Asian markets rise, Hong Kong ahead after holiday

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In this Feb. 6, 2013, file photo, a man walks past an electronic stock indicator of a securities firm in Tokyo. Asian markets rose on Thursday, Feb. 14, 2013, with dealers looking ahead to an upcoming G20 meeting. AP PHOTO/SHIZUO KAMBAYASHI

HONG KONG—Asian markets rose on Thursday, with dealers looking ahead to an upcoming G20 meeting, while Hong Kong enjoyed healthy gains as dealers returned from a long break.

Tokyo shares climbed as the yen retreated again after posting strong gains on Wednesday, while there was little reaction to news Japan was stuck in recession as its economy shrunk for a third straight quarter in October-December.

Hong Kong, which was closed from Monday to Wednesday for Chinese New Year, added 0.85 percent, or 198.09 points, to end at 23,413.25 as investors caught up with a regional advance over the same period.

Tokyo was up 0.50 percent, or 55.87 points, higher at 11,307.28, while Sydney gained 0.66 percent, or 33.2 points, to 5,036.9, its highest since September 2008.

Seoul was up 0.18 percent, or 3.54 points, to close at 1,979.61.

Shanghai and Taipei were closed for public holidays.

Eyes are now on Moscow, where the world’s 20 major economies will meet on Friday with concerns emerging of a possible global war in which nations weaken their currencies in order to boost exports.

“It will be one of the most important (G20 meetings) for quite some time in terms of markets,” said Sean Callow, senior currency strategist at Westpac Institutional Bank in Sydney.

“The risk for currencies is whether there are strong comments from some of the many officials, with their different viewpoints,” he told Dow Jones Newswires.

Talk has centred on Japan’s recent drive to pump more cash into the markets to kick-start the economy and inflation, which has in turn sent the yen tumbling.

A statement from the Group of Seven (G7) top industrialized nations this week was said to have put a shot across Tokyo’s bows, saying it supported market-driven moves in forex markets, sending the yen higher on Wednesday.

However, the unit on Thursday resumed its downward trend that began in November as dealers bet on aggressive monetary easing by the Bank of Japan.

In the afternoon the dollar bought 93.67 yen, compared with 93.46 yen in New York late on Wednesday, while the euro fetched 125.88 yen, from 125.70 yen.

That compared with 92.85 yen to the dollar and 124.85 yen to the euro in Asia earlier Wednesday.

The euro also sat at $1.3440 against $1.3450.

Tokyo released data showing the economy contracted 0.1 percent in October-December from the previous quarter, and expanded just 1.9 percent in 2012 from the previous year, when Japan was hit by the quake-tsunami disaster.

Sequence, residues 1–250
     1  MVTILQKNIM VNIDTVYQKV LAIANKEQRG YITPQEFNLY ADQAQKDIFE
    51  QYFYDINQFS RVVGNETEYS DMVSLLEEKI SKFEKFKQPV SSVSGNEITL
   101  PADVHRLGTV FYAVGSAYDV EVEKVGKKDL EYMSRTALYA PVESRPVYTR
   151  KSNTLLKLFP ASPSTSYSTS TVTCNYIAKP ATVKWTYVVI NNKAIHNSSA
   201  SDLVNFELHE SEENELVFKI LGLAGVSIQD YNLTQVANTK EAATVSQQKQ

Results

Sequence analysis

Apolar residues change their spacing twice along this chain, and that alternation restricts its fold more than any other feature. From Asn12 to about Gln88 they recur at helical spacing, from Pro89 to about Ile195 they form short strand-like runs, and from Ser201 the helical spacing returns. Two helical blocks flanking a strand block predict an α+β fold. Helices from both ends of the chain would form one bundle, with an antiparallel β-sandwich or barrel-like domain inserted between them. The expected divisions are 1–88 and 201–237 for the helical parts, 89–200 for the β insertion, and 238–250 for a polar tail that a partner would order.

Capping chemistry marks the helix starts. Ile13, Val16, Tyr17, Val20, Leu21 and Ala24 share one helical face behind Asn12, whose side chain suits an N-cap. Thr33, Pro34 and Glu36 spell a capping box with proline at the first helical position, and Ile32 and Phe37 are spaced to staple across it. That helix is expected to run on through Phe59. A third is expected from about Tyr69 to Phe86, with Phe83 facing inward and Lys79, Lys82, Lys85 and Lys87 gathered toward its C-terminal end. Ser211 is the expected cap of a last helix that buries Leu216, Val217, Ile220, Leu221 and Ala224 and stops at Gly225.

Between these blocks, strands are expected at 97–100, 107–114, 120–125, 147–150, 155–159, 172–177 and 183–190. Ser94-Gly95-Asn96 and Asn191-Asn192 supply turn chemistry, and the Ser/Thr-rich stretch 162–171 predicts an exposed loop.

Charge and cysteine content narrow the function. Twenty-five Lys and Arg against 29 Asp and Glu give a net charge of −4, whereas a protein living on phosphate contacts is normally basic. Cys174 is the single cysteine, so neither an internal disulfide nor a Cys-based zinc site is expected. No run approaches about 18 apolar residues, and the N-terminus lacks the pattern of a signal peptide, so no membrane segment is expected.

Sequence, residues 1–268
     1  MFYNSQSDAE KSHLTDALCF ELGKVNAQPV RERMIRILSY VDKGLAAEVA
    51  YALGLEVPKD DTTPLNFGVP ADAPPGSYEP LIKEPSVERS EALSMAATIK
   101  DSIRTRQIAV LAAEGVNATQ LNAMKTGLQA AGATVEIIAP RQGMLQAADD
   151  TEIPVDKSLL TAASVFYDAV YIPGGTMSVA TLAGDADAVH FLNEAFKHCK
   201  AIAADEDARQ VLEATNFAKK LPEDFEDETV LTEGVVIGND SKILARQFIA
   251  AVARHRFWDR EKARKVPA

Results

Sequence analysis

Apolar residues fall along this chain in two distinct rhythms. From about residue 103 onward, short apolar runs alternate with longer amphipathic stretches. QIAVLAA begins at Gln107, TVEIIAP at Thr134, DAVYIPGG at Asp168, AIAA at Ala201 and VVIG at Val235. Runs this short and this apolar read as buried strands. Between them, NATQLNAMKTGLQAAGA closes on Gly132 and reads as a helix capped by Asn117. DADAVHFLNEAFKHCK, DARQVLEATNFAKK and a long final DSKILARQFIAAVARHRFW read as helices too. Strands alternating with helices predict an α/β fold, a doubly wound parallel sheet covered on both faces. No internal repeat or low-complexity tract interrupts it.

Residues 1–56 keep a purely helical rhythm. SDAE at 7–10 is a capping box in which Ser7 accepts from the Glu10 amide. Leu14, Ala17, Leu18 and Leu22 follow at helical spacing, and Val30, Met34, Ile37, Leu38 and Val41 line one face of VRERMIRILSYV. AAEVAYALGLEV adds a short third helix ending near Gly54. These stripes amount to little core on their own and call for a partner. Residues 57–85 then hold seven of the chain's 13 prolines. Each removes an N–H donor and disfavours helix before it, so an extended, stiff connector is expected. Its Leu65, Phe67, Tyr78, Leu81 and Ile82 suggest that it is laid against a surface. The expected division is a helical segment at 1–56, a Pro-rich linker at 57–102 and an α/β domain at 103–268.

The BoJ later wrapped up a two-day policy meeting, holding off making any new announcements after last month adopting a two percent inflation target and unveiling fresh easing measures.

However, it gave an upbeat assessment of the economy, saying it appeared to have stopped weakening, adding: “Exports continue to decrease, but the pace of decrease has been moderating.”

There were also signs of a pick-up in overseas markets. “Japan’s economy is expected to level off more or less for the time being, and thereafter, it will return to a moderate recovery path,” it said.

Oil prices rose, with New York’s main contract, light sweet crude for delivery in March, up 12 cents to $97.13 a barrel and Brent North Sea crude for April gaining 10 cents to $117.98.

Gold was at $1,643.25 by 1040 GMT, compared with $1,647.77 late Wednesday.

In other markets:

— Manila slipped 0.22 percent, or 14.58 points, to close at 6,513.41.

Philippine Long Distance Telephone Co. dropped 0.69 percent to 2,860 pesos and Semirara Mining Group fell 7.9 percent to 237.20 pesos.

— Wellington ended 0.42 percent, or 17.80 points, higher at 4,239.20.

Fletcher Building gained 1.01 percent to NZ$9.03 and Telecom Corp. was down 2.20 percent at NZ$2.22.

— Singapore closed down 0.32 percent, or 10.57 points, to 3,290.47.

DBS Bank dropped 0.60 percent to Sg$15.01, while Singapore Airlines gained 0.28 percent to Sg$10.86.

— Kuala Lumpur shares lost 0.27 of a point, or 0.02 percent, to close at 1,630.89.

UEM Land added 5.2 percent to 2.22 ringgit, Petronas Dagangan rose 1.5 percent to 22.78 while Felda Global Ventures fell 0.4 percent to 4.49 ringgit.

— Jakarta ended up 17.11 points, or 0.37 percent, at 4,588.67.

Astra Agro Lestari gained 0.53 percent to 19,000 rupiah and Ramayana Lestari Sentosa rose 3.57 percent to 1,160 rupiah.

— Bangkok rose 0.83 percent, or 12.63 points, to close at 1,526.74

Banpu added 0.52 percent to 383 baht, and PTT Plc edged up 0.28 percent to 362 baht.

— Mumbai fell 0.57 percent, or 110.9 points, to 19,497.18 points.

Bharti Airtel fell 4.02 percent to 312.4 rupees, and Reliance Communications fell 4.27 percent to 67.2 rupees.

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